Yuan Falls on Weak CPI, PPI; U.S. Dollar Rises Despite Retail Sales Data
The yuan fell against the U.S. dollar on Friday in Asia after data showed China’s January Consumer Price Index and Producer Price Index both missed expectations.
The country’s CPI rose 1.7% in January from a year earlier, slower than the 1.9% increase in December and below market expectations for a 1.9% rise.
Meanwhile, the PPI rose 0.1% year-on-year in January, the weakest pace since September 2016 and slowing from the previous month’s 0.9% increase.
Generally speaking, a high reading is seen as positive for the yuan, while a low reading is seen as negative for the Chinese currency.
The USD/CNY pair last traded at 6.7753 at 12:23 AM ET (5:23 GMT), up 0.1%.
Meanwhile, the U.S. dollar index that tracks the greenback against a basket of other currencies was also up 0.1% at 96.893.
The rise in the dollar came even after the U.S. Commerce Department reported on Thursday that U.S. retail sales fell for the first time in ten months in December.
CIBC said one weak reading shouldn’t prove worrisome as a strong labour market will lend support to consumer spending in the coming months.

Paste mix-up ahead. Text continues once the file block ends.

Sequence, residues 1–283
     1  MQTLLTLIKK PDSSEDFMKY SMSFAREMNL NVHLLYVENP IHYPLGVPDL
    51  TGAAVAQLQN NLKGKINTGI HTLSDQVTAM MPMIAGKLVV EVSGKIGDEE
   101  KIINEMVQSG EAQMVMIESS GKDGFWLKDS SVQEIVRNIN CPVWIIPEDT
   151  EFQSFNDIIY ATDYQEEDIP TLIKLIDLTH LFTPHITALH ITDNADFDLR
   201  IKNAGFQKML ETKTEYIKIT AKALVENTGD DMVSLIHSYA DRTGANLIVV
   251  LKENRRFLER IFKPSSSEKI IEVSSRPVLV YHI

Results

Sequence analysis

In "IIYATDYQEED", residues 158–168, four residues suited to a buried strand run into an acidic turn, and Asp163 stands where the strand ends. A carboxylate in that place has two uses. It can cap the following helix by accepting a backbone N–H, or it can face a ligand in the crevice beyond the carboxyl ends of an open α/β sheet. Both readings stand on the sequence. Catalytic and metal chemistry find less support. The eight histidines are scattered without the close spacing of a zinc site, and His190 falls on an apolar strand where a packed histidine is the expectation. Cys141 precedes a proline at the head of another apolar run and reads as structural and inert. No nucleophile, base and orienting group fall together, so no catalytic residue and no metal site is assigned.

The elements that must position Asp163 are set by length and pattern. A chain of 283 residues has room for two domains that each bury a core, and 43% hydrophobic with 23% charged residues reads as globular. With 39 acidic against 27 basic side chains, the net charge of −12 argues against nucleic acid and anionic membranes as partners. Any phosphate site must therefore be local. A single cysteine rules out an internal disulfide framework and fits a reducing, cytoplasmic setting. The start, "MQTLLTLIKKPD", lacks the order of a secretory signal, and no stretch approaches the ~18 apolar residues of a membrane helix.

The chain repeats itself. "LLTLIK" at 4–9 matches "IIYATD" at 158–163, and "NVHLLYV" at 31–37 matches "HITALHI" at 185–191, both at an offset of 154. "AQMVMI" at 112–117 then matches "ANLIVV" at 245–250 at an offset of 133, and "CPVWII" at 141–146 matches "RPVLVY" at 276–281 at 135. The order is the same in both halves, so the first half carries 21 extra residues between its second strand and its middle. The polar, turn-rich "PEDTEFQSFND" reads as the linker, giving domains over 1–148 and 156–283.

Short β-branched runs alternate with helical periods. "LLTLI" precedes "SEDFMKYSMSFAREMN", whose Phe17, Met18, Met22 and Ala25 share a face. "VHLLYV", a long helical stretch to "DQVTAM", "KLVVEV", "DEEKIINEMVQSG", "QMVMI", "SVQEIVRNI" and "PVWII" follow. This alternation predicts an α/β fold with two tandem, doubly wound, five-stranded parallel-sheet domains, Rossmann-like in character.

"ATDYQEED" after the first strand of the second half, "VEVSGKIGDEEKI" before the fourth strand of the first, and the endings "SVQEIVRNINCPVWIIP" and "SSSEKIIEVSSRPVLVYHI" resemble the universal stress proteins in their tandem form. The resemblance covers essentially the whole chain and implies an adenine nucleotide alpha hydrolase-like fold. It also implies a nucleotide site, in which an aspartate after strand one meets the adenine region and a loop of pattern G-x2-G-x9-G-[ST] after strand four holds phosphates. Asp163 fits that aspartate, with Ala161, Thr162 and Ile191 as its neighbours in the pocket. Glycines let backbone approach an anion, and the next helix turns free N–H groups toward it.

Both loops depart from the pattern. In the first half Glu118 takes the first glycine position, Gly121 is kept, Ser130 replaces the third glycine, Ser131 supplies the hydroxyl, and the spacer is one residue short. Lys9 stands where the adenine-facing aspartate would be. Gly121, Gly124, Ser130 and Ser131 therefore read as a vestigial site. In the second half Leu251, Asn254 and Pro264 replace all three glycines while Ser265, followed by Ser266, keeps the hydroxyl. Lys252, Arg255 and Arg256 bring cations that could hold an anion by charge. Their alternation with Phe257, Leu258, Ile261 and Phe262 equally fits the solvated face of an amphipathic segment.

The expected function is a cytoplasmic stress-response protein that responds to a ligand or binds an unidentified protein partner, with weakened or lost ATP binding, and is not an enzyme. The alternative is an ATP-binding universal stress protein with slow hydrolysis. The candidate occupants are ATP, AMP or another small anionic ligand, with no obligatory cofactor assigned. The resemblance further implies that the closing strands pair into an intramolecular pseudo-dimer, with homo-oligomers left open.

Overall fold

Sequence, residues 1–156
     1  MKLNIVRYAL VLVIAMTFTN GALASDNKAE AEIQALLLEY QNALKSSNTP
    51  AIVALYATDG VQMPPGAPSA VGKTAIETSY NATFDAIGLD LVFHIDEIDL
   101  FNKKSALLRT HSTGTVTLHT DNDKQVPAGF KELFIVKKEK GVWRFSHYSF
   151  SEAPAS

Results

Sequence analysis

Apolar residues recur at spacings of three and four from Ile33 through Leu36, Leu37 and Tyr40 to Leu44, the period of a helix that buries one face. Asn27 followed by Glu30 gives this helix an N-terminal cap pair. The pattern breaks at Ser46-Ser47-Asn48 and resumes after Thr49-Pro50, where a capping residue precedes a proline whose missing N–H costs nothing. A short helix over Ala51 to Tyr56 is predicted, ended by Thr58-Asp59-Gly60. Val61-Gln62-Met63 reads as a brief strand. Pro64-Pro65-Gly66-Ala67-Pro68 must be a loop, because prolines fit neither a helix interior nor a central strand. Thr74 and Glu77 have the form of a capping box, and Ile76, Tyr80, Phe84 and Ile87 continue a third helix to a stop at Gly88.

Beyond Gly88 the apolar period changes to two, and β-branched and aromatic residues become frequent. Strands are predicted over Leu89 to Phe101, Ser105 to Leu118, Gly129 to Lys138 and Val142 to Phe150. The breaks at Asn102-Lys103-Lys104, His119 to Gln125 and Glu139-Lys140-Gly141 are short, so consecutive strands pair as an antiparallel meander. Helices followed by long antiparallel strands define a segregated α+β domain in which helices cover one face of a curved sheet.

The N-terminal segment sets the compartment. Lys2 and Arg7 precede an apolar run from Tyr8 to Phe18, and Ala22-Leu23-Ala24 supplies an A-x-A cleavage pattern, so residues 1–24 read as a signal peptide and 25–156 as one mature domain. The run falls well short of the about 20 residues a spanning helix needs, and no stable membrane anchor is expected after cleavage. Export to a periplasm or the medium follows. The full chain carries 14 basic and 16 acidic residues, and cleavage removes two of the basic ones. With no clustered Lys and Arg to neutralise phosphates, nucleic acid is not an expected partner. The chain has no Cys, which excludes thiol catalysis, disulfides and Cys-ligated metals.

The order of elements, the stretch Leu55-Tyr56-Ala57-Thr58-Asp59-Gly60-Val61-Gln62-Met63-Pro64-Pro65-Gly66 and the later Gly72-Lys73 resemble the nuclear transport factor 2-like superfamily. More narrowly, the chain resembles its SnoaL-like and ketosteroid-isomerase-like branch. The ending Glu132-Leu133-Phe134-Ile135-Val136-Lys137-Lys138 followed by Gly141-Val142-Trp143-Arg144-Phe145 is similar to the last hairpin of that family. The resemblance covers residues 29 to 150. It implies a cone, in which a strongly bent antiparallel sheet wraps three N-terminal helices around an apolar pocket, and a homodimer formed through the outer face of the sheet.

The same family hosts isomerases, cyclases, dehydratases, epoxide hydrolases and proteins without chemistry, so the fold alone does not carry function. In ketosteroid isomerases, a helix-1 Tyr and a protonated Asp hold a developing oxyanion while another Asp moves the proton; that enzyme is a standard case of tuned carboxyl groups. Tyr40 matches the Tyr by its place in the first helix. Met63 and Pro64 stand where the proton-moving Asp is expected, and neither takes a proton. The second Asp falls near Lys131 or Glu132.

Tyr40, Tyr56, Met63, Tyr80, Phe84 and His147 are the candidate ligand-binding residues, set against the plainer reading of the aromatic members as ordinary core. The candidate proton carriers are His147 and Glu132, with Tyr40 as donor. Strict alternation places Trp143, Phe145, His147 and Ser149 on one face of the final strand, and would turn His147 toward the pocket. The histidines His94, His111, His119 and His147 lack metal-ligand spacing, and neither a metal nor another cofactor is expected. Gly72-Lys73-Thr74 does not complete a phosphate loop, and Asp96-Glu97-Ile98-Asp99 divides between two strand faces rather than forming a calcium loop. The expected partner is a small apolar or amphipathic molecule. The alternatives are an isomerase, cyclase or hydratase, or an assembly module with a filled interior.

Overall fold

“Still, today’s data reinforces the Fed’s cautious stance for the time being and will weigh on the USD and see yields fall,” the bank added.
The market now awaits developments in trade talks between Washington and Beijing.
U.S. President Donald Trump’s upbeat assessment of the talks earlier in the week raised hopes that the two sides might still be able to reach a deal before the March 1 deadline, but headlines that came out today suggested an agreement might still be some way off.
Citing three unnamed U.S. and Chinese officials, Bloomberg reported that the two countries have made little progress so far during their discussions in Beijing this week. They have failed to narrow the gap on issues related to structural reforms to China’s economy, according to the report.